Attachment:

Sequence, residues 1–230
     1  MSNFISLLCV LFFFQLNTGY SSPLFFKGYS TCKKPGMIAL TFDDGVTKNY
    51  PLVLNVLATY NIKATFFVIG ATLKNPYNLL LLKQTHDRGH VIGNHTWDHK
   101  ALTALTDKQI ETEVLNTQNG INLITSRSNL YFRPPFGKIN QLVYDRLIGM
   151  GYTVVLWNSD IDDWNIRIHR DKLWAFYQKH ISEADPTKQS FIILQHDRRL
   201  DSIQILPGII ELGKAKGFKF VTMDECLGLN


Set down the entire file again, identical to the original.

Sequence, residues 1–230
     1  MSNFISLLCV LFFFQLNTGY SSPLFFKGYS TCKKPGMIAL TFDDGVTKNY
    51  PLVLNVLATY NIKATFFVIG ATLKNPYNLL LLKQTHDRGH VIGNHTWDHK
   101  ALTALTDKQI ETEVLNTQNG INLITSRSNL YFRPPFGKIN QLVYDRLIGM
   151  GYTVVLWNSD IDDWNIRIHR DKLWAFYQKH ISEADPTKQS FIILQHDRRL
   201  DSIQILPGII ELGKAKGFKF VTMDECLGLN